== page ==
The first picture has been released from Kepler, NASA’s $600m planet-hunting satellite. This latest eye-in-the-sky is pointing its 95 mega-pixel camera at the same patch of sky and staring at it for three and a half years. Hidden deep within this cosmic window are over 100,000 suns that astronomers have identified as possible host stars for Earth like planets. The aim of the mission is to get a handle on just how many Earth like planets there are out there in our galaxy.
To do this the Kepler team are utilising what is known as the transit method, one of three main techniques for looking at so-called extra-solar planets. Of course, planets like our own are far too dim compared to their luminous gravitational masters and so can’t be seen directly. Instead Kepler is looking for small dips in the star’s brightness as the planet passes or ‘transits’ in front of it. Kepler’s instrumentation is so sensitive that it can detect dips in brightness of just one part in 50,000 or 0.002%. This is actually more sensitive than required to find planets the size of the Earth. If there were some alien blogging astronomer out there staring back at us, they would see our Sun dim by 0.008% as our planet glided across our star.
With Kepler scrutinising this patch of sky for around 42 months it should be able to catch approximately three orbits of such Earth-like planets. And there is good reason to look for planets with the same orbital period as our own. Johannes Kepler, the 16th century astronomer after whom the satellite is named, formulated three laws of planetary motion, one of which says the time it takes a planet to orbit its star is precisely related to its distance from it. Planets that take a year to traverse their elliptical path around their Sun will be in the habitable zone, the small window of space around a star where water is liquid. Sometimes referred to as the Goldilocks Hypothesis, where the Earth is porridge that’s temperature, instead of being too hot or too cold to have liquid water, instead is just right, this region around a star is the most likely place to find life.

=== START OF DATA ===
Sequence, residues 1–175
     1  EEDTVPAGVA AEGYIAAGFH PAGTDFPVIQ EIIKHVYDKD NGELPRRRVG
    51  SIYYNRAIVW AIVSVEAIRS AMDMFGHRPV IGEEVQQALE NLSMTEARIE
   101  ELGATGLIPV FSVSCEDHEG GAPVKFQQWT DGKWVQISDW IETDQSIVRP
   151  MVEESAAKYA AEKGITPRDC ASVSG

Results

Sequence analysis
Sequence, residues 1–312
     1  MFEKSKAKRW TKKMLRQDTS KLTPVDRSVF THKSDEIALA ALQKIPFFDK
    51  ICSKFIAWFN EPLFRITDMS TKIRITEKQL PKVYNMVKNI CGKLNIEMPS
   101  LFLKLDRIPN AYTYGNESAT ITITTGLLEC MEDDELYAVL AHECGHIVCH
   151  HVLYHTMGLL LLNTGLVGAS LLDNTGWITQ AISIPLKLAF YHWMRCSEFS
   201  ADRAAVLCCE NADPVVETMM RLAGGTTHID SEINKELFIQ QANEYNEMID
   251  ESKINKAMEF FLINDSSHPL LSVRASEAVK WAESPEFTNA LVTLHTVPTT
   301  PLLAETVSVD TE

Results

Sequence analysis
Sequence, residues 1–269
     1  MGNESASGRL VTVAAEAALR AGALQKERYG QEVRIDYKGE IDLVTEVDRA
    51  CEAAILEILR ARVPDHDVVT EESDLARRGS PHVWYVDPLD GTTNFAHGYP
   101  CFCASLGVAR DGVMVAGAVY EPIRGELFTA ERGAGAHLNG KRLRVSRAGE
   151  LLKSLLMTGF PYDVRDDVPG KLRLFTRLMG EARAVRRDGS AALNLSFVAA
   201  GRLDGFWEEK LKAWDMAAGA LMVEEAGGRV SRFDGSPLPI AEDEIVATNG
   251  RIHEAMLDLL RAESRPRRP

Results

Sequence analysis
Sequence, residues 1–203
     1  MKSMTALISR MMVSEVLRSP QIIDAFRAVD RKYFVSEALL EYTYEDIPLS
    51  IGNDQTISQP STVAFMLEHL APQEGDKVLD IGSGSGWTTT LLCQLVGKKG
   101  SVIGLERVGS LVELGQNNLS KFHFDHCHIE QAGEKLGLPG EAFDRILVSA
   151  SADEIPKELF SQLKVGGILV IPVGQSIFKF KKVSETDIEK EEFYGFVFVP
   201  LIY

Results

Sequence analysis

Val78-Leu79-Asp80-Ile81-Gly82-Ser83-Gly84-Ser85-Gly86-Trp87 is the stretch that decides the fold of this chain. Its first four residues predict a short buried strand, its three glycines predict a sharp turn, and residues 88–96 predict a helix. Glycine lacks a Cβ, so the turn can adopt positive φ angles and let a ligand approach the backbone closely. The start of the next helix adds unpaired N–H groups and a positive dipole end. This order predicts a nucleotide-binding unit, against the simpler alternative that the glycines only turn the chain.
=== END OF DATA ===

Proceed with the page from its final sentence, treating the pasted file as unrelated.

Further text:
And so the search to answer the age-old question of whether we are alone in the Universe has entered a new and I have to admit an exciting phase. When the data from this mission is released, probably in the middle of the next decade, we should have a much better idea of just how rare watery blue marbles like our own are. Perhaps, as always in science, the most intriguing outcome will be the unexpected. The question of just how rare Earths are formed a part of my undergraduate dissertation (which you can read here). At the time I approximated that there should be around 10 million Earths in our Milky Way galaxy. Whether this prediction is in itself a form of Goldilocks’ porridge, being too low, too high or just right, I really can’t wait to find out.